* * *

When Frost met with Haggerty this past February, he ordered a PET scan, an imaging test that looks at tissues and organs throughout the body. The results were normal, and the chest pain she was having went away on its own.

These days, Frost doesn’t blog as much, but she still counsels friends, and even strangers, who are looking for advice. Friends and relatives will refer women to Frost, and they’ll reach out to her with questions about shopping for a wig or choosing a breast prosthesis. Most patients ask her what to expect with chemotherapy. “That’s the thing they are most fearful of,” she says. “The first thing I always tell them is: ‘Don’t expect to be sick.’ I kept waiting to be sick and it never happened. Doctors tell you what might happen with chemo, but it’s not a certainty.”

Other patients simply want to talk, or vent about their own experience with breast cancer. “I can tell them that I totally know how difficult it is,” Frost says, “but that it is going to get better.”

Frost’s daughter Lauren, who once distanced herself from her mother’s cancer, thinks about it now more than ever. “My mom turned something terrible, something deadly, into something so positive,” she says. “By having this disease, she’s connected with so many other women and helped them.”

While Frost has considered returning to pediatric nursing, she’s currently volunteering part time in hospice care. Helping terminally ill patients might seem like an especially tough role for a woman who has so closely faced her own mortality, but Frost doesn’t see it that way. “Knowing my skill set as a nurse, it’s a natural fit,” she says. “My cancer isn’t part of the conversation. I don’t focus on that when I’m helping hospice patients.”

That’s not to say that it’s ever too far from her mind. She feels survivor’s guilt when she loses a friend to breast cancer; three have died of the disease. And all her positivity can’t tamp down those dark moments when a news story or a song triggers thoughts about the possibility that her cancer might come back. But even then, she maintains a sense of humor. “Just the other day I heard this song and it made me think about dying. Usually the feeling doesn’t last that long. What was the name of that song?” Frost says as she reaches for her cellphone and scrolls through a list. “Oh, here it is. The song was ‘(Don’t Fear) the Reaper.’ Yeah, that got me thinking. And I had a checkup that day,” she says with a grin.

In April, Frost “graduated” to oncology checkups every six months. A few weeks later she participated in the weekend-long Avon 39 breast cancer walk in Washington, D.C. “It felt awesome,” she says. “Four years ago I didn’t know what my future held, but there I was at this event. I did the walk because I could. Because I’m living my life.”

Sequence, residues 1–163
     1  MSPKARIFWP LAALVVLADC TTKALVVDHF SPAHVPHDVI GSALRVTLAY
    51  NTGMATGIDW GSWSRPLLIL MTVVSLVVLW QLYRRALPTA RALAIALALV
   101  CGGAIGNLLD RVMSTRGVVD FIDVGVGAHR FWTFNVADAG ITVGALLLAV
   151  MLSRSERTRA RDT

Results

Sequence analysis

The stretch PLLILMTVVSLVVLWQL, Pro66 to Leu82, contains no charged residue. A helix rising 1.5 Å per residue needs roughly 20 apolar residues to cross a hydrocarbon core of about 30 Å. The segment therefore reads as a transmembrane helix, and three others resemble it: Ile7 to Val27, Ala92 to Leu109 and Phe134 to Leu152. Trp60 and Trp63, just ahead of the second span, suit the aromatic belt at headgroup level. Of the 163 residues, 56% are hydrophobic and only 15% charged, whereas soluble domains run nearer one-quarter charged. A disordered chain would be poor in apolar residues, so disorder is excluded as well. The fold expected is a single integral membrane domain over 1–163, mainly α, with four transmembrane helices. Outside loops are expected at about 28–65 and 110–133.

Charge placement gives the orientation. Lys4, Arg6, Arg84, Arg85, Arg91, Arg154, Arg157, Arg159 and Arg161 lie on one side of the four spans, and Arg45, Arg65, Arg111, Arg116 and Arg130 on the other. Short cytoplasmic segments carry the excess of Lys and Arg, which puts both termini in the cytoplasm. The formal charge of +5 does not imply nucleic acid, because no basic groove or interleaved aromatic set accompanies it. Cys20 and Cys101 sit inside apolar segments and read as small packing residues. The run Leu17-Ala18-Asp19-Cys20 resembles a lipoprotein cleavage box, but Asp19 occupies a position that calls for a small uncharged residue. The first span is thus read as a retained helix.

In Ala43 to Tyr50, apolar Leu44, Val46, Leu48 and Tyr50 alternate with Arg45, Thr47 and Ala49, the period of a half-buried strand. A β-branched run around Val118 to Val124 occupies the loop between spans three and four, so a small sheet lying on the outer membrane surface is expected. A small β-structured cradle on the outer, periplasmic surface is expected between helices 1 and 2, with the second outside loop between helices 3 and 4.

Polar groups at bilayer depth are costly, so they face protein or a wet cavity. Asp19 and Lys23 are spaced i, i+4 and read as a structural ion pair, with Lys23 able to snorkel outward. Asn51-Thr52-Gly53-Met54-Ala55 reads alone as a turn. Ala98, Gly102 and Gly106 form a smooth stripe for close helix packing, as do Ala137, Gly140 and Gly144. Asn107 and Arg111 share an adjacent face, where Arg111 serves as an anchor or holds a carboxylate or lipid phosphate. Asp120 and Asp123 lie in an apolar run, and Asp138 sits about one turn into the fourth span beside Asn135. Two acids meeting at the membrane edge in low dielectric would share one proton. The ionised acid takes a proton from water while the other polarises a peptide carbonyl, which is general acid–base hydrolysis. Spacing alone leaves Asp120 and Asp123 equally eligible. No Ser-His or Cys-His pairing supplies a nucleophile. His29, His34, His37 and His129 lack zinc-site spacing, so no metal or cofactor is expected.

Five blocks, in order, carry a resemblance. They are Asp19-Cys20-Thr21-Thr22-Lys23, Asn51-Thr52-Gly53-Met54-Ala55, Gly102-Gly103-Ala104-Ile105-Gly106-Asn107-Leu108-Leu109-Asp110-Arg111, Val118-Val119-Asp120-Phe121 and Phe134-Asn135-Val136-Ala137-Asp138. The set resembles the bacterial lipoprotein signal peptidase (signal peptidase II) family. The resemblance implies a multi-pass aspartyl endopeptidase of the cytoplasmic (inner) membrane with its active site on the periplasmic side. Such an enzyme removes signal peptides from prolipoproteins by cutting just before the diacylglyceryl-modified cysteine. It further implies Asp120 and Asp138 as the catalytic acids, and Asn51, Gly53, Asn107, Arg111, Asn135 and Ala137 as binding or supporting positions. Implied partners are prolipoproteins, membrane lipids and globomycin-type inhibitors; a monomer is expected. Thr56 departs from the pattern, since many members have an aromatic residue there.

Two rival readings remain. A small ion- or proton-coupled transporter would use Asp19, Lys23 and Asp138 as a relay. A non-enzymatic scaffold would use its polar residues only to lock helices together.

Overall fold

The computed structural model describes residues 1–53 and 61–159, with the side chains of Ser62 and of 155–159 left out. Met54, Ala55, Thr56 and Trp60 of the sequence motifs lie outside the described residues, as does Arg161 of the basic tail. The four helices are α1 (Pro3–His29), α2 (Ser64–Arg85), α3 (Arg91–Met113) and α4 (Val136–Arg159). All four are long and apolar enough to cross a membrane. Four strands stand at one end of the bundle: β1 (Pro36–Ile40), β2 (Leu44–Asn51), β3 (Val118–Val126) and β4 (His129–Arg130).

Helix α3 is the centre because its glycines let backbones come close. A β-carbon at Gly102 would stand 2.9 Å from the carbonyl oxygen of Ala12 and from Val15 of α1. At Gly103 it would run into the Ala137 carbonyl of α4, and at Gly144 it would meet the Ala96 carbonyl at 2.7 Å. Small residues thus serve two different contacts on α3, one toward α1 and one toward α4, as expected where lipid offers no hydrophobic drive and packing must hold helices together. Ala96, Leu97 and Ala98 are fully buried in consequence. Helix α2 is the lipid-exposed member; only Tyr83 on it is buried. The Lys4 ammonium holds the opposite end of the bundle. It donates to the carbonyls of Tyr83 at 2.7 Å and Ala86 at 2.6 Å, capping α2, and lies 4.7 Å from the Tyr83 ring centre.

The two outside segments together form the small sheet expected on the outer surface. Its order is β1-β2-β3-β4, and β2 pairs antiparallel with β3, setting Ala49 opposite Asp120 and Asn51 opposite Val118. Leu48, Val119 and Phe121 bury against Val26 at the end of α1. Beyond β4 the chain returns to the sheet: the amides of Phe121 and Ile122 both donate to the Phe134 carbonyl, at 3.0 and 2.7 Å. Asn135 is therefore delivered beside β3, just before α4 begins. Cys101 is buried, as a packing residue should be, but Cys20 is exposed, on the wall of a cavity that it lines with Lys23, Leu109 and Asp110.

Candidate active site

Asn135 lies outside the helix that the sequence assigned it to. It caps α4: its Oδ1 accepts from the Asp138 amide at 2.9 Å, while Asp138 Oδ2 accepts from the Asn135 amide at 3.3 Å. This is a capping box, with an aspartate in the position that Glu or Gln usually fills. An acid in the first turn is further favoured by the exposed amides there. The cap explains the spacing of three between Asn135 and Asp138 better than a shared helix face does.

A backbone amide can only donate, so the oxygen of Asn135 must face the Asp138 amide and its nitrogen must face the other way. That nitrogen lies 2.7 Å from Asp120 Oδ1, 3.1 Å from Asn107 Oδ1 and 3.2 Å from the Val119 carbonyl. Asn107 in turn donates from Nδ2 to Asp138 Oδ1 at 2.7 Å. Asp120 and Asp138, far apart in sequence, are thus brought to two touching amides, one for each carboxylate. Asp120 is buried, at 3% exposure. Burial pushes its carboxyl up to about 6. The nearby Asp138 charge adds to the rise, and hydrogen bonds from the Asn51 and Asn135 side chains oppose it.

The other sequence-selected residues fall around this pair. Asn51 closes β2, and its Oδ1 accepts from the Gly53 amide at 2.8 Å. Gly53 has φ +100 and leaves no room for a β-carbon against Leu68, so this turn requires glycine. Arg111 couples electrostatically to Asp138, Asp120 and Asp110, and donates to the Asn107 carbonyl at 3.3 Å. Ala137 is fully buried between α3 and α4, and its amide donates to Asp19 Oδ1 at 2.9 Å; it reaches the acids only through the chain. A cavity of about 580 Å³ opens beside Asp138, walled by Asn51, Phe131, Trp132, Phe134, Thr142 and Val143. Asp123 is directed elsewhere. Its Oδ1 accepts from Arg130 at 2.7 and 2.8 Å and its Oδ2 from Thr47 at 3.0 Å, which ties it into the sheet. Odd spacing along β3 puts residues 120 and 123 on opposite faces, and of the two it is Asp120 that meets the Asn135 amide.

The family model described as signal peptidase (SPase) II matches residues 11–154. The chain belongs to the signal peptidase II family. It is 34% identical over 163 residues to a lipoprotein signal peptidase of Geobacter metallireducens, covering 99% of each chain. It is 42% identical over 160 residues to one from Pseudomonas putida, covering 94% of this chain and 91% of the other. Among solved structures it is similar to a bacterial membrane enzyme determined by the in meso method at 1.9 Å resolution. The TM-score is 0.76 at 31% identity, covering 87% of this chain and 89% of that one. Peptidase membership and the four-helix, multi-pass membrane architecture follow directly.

Tomosynthesis, or 3-D mammography, provides radiologists with a clearer picture of breast tissue.

Hard to Find

Dense breast tissue can mask tumors on mammograms, making cancer more difficult to detect

Before she was diagnosed with cancer, Lisa Frost, like many women, didn’t know that dense breast tissue can make mammograms harder to read. On an X-ray, fatty breast tissue appears dark and transparent, providing a contrast to the white hue of cysts and tumors. Dense tissue, however, appears white, which can mask tumors. According to the National Cancer Institute, the main cause of false negative mammogram results—which occur when findings are normal despite the presence of breast cancer—is high breast density. A 2007 study in the Journal of Surgical Oncology examined false negative mammogram results and found that 78 percent of these cases occurred in women with dense tissue.

“X-ray beams have a harder time penetrating tissue that is dense,” says Dr. Pouneh Razavi, director of breast imaging at Sibley Memorial Hospital in Washington, D.C. Breast density has nothing to do with the size of a woman’s breasts, or how they feel during a self-exam. It’s only discernible through mammography. According to the Mayo Clinic website, “about half of women undergoing mammogram testing have dense breasts.” While it isn’t clear what causes dense tissue, research shows that younger women—those in their 40s and 50s—are more likely to have dense breasts because tissue becomes less fibrous and more fatty as women age. Breast density also can be inherited. Women with dense breasts may have a higher risk of developing breast cancer.

In 2011, the year Frost was diagnosed with invasive lobular carcinoma, the U.S. Food and Drug Administration approved a new technology known as tomosynthesis or 3-D mammography as an adjunct to conventional mammograms. Initially, few women were offered tomosynthesis (it was not available to Frost), but in recent years it has become more widely accepted as a way of providing radiologists with a clearer picture of breast tissue. Unlike conventional 2-D mammograms, which produce one image of overlapping tissue, tomosynthesis arcs over the breast to take multiple, thinly-sliced images from various angles. These slices create a 3-D image that may reveal an abnormality potentially concealed by overlapping tissue.


Dr. Pouneh Razavi, director of breast imaging at Sibley Memorial Hospital

“We’ve seen a significant improvement with 3-D because it allows our breast radiologists to examine one millimeter layer at a time,” Razavi says. “It cut the rate of false positives, reducing our recall rate [for additional screening], and has helped identify cancers not detected on standard digital images.” Some insurance providers still don’t consider 3-D mammograms medically necessary for breast cancer screening, and patients may pay a $50 out-of-pocket cost for the procedure.

Will 3-D mammography make it easier to find cancers in women with dense breasts? Some say it’s too early to tell, but a 2014 study presented at the annual meeting of the Radiological Society of North America found that the detection rate in 132 breast cancer cases was 80 percent when using 3-D mammography, compared to 59 percent with conventional mammography.  

Experts are also exploring other screening options that may benefit women with dense breasts, including Fast MRI, a modified version of magnetic resonance imaging. MRI technology provides an image of the breast’s vascular system and can be used to detect increased blood flow to and from a tumor. Although Fast MRI involves fewer pictures, studies show that it’s comparable to standard MRI technology in detecting tumors in breasts. Because Fast MRI requires less time, it would be less costly. Should radiology practices offer this service, it may become a viable option to women seeking supplemental screening.  

 

Longtime Bethesda resident Joanne Meszoly (www.joannemeszoly.com) now lives in Dickerson, where she blogs about farm life.